WATERVILLE — Work has begun to demolish the first of four Colby College-owned buildings as part of multimillion-dollar downtown revitalization efforts that will include a new student dormitory and a possible boutique hotel.

On Friday, the front brick-and-mortar steps of the former Elks building at 13-15 Appleton St. had been removed in preparation for tearing the building down and replacing it with a parking lot. Demolition of the building will take about two weeks, and then Costello Dismantling Co., of West Wareham, Massachusetts, the company doing the work, will begin tearing down the former Levine’s building at 9 Main St., according to Kate Carlisle, Colby’s director of communications.

The Appleton Street building most recently was used by Resurrection Life Church, which moved to Ridge Road. Carlisle said two large white columns on front of the building are being saved and will be donated to the Waterville Elks Lodge, which hopes to use them at its Industrial Road location.

Workers have removed debris inside the Appleton Street building and have set up dust and safety control measures.

“That location is really key to continued progress downtown, as its intended re-use will ease concerns about parking at the north end of Main Street,” Carlisle said in an email.

Workers on Friday were continuing to remove debris from inside the former Levine’s store. In about two weeks, they will start removing debris from inside 173 Main St., also known as the Hains Building. That building will be renovated and the technology firm Collaborative Waterville, a subsidiary of Collaborative Consulting, will inhabit the upper two floors of the building when renovation is complete.


“I am told that some of the beautiful trim and millwork in the building will be saved and incorporated into the new interior design,” Carlisle said. “I’ve been in the building, and there are some great decorative features.”

A schedule for demolition of the former Waterville Hardware building at 14-20 Main St., across the street from Levine’s, has not been determined, according to Carlisle.

Colby is investing millions of dollars as part of efforts by the college, the city and business advocates to revitalize downtown and draw more people to live, work and visit there. Colby is partnering with investors to develop retail sites, arts entities, offices and other uses downtown and plans to buy the northeast corner of The Concourse at the heart of downtown to build a student housing complex there with retail shops on the first floor. The housing would be for students and staff members affiliated with a special community service program Colby is developing.

The city agreed on a $300,000 selling price for The Concourse property. City Manager Michael Roy said Friday that it has not been sold yet.

“I certainly hope that it’s within this month that the sale is completed — in September,” he said.

Colby officials have said they want to develop a boutique hotel downtown and have identified the former Levine’s property as a possible site for it.


Meanwhile, visitors to downtown will see a lot of activity in the next few weeks.

“Things are really moving along, and by October, signs of progress toward a revitalized downtown will be very visible on Main Street,” Carlisle said.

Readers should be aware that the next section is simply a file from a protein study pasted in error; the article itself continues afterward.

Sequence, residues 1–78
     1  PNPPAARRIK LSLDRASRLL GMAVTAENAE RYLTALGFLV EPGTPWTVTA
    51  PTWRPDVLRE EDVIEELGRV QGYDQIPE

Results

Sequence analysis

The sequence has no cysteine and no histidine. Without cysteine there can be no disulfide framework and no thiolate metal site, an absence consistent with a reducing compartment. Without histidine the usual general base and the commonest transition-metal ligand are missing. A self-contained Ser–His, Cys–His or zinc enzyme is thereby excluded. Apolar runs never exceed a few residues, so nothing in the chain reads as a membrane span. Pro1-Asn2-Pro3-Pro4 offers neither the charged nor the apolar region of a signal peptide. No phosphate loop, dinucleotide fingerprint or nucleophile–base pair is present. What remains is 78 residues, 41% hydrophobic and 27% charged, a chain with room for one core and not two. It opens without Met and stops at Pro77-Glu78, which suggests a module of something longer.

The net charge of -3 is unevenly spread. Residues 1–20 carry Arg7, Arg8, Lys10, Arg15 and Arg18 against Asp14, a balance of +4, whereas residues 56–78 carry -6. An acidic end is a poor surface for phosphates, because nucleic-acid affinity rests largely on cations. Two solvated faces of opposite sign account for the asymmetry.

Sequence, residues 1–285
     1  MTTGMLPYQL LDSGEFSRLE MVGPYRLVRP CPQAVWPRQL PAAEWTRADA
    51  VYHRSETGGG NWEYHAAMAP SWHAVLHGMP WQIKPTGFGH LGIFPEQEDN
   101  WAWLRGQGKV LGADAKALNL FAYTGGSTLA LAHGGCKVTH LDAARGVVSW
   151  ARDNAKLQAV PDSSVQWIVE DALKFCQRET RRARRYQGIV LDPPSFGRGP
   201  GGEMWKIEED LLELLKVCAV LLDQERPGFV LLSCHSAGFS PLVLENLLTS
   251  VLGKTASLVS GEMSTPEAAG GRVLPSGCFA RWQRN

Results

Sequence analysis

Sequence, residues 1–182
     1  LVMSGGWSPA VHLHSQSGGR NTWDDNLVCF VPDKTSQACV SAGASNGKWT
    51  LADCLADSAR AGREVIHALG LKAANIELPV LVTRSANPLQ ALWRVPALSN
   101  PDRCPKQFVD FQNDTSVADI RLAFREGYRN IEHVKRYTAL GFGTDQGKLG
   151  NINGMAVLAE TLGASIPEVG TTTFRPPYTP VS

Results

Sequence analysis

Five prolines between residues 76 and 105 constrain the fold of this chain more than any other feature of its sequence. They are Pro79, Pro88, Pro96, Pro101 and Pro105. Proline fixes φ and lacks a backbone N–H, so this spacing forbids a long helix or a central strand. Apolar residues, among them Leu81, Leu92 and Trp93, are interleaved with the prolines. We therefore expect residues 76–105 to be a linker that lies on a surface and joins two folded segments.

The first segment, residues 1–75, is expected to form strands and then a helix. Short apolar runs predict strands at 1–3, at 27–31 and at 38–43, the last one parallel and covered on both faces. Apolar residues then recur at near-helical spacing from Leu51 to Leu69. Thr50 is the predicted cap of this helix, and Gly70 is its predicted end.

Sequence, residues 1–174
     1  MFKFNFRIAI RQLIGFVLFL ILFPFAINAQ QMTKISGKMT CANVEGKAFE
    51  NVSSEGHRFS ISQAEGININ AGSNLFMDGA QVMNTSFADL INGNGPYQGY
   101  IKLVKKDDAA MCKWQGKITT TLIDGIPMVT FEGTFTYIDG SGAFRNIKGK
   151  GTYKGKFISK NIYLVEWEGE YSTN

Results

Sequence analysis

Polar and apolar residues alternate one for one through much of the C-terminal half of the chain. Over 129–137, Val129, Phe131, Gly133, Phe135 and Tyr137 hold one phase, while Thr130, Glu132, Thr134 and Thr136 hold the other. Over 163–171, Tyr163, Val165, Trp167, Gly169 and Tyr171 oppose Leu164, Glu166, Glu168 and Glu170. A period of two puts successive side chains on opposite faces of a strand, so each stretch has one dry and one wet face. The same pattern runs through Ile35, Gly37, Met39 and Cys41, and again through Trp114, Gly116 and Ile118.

Roy said he is confident that Costello will do a fine job of ensuring the razing of structures will be done safely because of what he has been told by Colby officials about the contractor. Like Carlisle, Roy said revitalization efforts are ramping up and the demolition work is just the beginning of more exciting things to come.

“I think it’s certainly another example of Colby’s commitment to continue with their part in the downtown revitalization,” he said. “It certainly represents a very definite commitment on their part to continue.”

Mayor Nick Isgro concurred when reached Friday for comment on the efforts.

“I think this is very exciting because it’s exactly what we have been waiting one-and-a-half years to see,” Isgro said Friday. “We’ve talked about it since before I was elected, and now we’re really seeing something happening downtown.”


Isgro praised Colby’s hiring of Paul Ureneck, Colby’s director of commercial real estate, to oversee the revitalization efforts and said the city is lucky to have him on Main Street.

“I think, with all of these projects in his hands, the community can feel like we have probably one of the most knowledgeable people in the state handling this,” Isgro said. “Paul’s an amazing person who has had an amazing career, and this is what he does.”

Others who have followed in Colby’s footsteps in purchasing buildings downtown.

Bill Mitchell, owner of GHM Insurance agency on Main Street, bought two historic buildings last year on Common Street and is developing those buildings. He partnered with The Last Unicorn to open The Proper Pig restaurant in one of the Common Street buildings.

Colby alumnus Justin DePre and his father and his brother, both named Thomas, bought two buildings on Main Street next to the Hains Building and are working to renovate them, and Massachusetts businessman Mark McLeod bought the former Ken-A-Set building on Main Street recently and hopes to develop a brew pub and nightclub there.

Amy Calder — 861-9247

[email protected]

Twitter: @AmyCalder17

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